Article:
Hello out there, Orlando.
Has it really been a year already? It's Best of Orlando time again, but we never could have imagined that we'd be unveiling this issue during a time like this. A lot of things have changed – oh yeah, we won't be hosting a Best Of party this year – and so much of it seems for the worse (though there are some amazing glimmers of hope).
But y'all came through and voted in force and let us know about the things and people and places and events that you think are the true essence of what makes Orlando the City Beautiful. So we crawled out from under our beds and did our best to showcase your choices ... plus a few of our own.
This year's issue is themed around building a better Orlando: watching the city endure, come together and help one another despite a global pandemic, economic uncertainty, isolation and a really big (ahem) election.
Think about it like Legos, for instance, where smaller, individual pieces fit together to form something bigger and cohesive and, most of the time, genuinely kick-ass. Rebuild, remake, remodel.
In the pages of this issue, we're watching you all build a better Orlando, and we're rooting for you.
— Matthew Moyer, Jessica Bryce Young, Daniel Rodriguez, Dave Plotkin, Faiyaz Kara, Seth Kubersky, Holly Kapherr, Janessa Gursky, Ida Eskamani, Kyle Eagle, Christopher Belt, Collin Modeste, Hollie Mahadeo, Jeff Kruse, Dan Winkler, Jerrica Schwartz, Rachel Gold and Graham Jarrett.
Meet the dynamic duo of artists behind Lego Explore Orlando, which made finding fun in our city look like a snap with their Lego creations.
Like most kids, Charles Lindlau and Robert Privitera grew up with Legos as the toy of choice. Unlike most kids, however, the duo spun that childhood hobby into the popular local Instagram account Lego Explore Orlando. For just over a year, the two have been breaking the Orlando internets with engaging and endearing portraits of lil' Lego folks posing in front of various Orlando landmarks, as a way of "looking at the city through a playful lens." Their big viral moment came early on with a photo of Lego construction workers doing their darnedest to pitch in on the construction mess of the I-4 Ultimate project, and from there it's been a whirlwind building-block tour of the city. We felt the optimistic and do-it-yourself nature of this project was a great fit (see what we did there?) for this year's issue.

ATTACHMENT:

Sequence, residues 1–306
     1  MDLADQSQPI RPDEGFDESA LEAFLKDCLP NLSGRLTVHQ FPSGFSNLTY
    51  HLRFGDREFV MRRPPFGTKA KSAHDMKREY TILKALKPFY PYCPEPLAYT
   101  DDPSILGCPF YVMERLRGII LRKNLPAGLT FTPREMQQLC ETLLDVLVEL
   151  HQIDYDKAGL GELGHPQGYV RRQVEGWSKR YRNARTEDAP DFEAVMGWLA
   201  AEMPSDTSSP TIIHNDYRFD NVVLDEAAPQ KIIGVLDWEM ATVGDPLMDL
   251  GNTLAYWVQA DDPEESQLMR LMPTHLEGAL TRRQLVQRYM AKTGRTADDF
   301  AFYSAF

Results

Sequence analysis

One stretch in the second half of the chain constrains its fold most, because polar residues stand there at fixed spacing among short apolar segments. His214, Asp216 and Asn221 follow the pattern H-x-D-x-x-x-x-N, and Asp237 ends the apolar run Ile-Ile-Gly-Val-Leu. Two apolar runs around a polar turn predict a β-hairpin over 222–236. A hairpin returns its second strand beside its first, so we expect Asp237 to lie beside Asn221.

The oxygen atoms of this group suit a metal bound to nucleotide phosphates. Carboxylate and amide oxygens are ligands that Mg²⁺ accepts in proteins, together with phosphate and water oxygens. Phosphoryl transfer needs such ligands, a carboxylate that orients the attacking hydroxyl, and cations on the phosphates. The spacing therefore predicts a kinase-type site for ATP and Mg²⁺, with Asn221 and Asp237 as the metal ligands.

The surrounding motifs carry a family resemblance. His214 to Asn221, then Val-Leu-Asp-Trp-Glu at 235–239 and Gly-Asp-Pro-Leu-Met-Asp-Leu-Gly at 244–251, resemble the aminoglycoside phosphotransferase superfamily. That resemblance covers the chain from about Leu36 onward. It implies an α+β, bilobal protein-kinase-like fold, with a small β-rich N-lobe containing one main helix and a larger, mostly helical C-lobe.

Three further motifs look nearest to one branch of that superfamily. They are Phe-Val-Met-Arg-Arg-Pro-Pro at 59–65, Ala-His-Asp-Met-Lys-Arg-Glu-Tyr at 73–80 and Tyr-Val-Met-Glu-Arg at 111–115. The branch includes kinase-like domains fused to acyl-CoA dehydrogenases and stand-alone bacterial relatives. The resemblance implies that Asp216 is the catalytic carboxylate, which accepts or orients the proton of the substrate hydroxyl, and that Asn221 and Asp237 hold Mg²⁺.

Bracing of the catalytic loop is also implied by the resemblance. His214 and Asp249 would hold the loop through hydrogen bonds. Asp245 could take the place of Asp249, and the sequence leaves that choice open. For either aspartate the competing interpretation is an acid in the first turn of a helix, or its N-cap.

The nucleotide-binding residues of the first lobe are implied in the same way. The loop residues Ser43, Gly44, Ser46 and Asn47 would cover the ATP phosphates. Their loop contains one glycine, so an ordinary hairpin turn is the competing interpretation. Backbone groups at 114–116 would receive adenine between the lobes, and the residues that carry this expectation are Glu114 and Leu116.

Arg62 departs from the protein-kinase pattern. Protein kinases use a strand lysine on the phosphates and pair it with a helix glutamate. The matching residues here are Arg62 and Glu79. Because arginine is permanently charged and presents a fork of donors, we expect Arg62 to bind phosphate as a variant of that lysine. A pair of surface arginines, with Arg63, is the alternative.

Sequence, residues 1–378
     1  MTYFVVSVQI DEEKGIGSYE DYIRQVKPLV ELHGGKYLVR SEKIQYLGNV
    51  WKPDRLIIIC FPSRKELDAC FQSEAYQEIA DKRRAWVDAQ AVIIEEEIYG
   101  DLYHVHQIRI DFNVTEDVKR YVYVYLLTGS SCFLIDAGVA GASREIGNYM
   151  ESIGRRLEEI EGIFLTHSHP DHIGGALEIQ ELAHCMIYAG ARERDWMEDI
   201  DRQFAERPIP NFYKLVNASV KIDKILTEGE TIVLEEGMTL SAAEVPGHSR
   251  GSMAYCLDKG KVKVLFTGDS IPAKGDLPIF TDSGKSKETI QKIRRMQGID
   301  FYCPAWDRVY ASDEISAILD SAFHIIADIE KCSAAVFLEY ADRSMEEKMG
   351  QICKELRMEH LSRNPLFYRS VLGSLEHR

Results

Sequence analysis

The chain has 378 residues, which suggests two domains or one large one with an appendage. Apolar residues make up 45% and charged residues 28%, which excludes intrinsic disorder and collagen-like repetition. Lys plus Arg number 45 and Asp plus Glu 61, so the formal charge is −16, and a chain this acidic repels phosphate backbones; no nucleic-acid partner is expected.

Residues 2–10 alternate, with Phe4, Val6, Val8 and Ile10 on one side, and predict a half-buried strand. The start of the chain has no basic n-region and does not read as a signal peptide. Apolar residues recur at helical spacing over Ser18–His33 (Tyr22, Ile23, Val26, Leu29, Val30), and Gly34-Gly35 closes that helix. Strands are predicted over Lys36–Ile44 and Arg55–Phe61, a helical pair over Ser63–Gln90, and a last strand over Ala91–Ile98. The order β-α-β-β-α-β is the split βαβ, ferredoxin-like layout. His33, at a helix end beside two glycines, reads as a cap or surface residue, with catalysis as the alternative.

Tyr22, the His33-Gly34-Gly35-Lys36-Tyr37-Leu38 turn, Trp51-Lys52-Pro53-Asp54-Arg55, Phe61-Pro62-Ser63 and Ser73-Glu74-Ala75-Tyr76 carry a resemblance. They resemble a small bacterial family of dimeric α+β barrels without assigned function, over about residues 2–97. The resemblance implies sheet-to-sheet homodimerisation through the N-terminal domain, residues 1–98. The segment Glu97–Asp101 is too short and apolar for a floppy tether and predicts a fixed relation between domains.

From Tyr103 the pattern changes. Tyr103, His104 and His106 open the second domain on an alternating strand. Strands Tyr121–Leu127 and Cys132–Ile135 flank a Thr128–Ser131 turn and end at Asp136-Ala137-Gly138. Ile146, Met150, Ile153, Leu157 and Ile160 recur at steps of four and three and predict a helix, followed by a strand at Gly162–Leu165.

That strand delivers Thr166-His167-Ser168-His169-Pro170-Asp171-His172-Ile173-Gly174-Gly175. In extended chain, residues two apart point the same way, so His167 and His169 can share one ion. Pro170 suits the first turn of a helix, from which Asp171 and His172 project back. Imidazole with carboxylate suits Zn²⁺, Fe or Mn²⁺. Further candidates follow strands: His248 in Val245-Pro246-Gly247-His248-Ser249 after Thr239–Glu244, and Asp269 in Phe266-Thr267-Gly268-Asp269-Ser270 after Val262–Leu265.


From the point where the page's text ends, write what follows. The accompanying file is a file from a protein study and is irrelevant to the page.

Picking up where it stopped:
How much has your Lego collection grown since you started Lego Explore Orlando?
CL: We didn't even own a single Lego! We bought a single Lego to start! So now we probably have – oh god – hundreds of figures and all of the accessories and a couple vehicles, so we could do drive-in movies and whatnot. It's become a full-blown hoarding situation.
What is it that inspires you to do a shoot at a given spot?
RP: I think that one of the reasons why we started doing this is because we were always out and about and doing everything we could all the time. So, it was like, we do all these things anyway, we should just have a fun way to document it and showcase it,
And we keep them a lot of times in our car, so if we're just driving by someplace and we'll say, "Ooh, I've got an idea!" we'll pull over and take one as we're out and about.
How are the Lego people faring in the time of social distancing?
CL: The Lego people really miss going places! It is Lego Explore Orlando and it's very hard right now to explore. We're trying to be careful and if you look at our content you'd see a bit of a change since March. You'd definitely see a lot more outdoor things.
Any reflections on doing this project that you'd want to share with readers?
CL: I've lived here almost my entire life and Rob's been here for 15 years or so, and it's always amazed us how long you can live in a city and not really know anything about it. It's very easy to fall into the same routines, go to the same chain restaurants, go to a movie on Friday night, and there are so many people that don't understand all of the amazing things that Orlando has to offer. There's an arts culture that has blown up in the past few years, a food scene that was nonexistent 10 years ago. One of the things we love about the account is that it causes us to go places we've never been before. And doing this for Orlando Weekly took us places that we've never been. And so we love that it allowed us to see even more of the city than we maybe would have otherwise.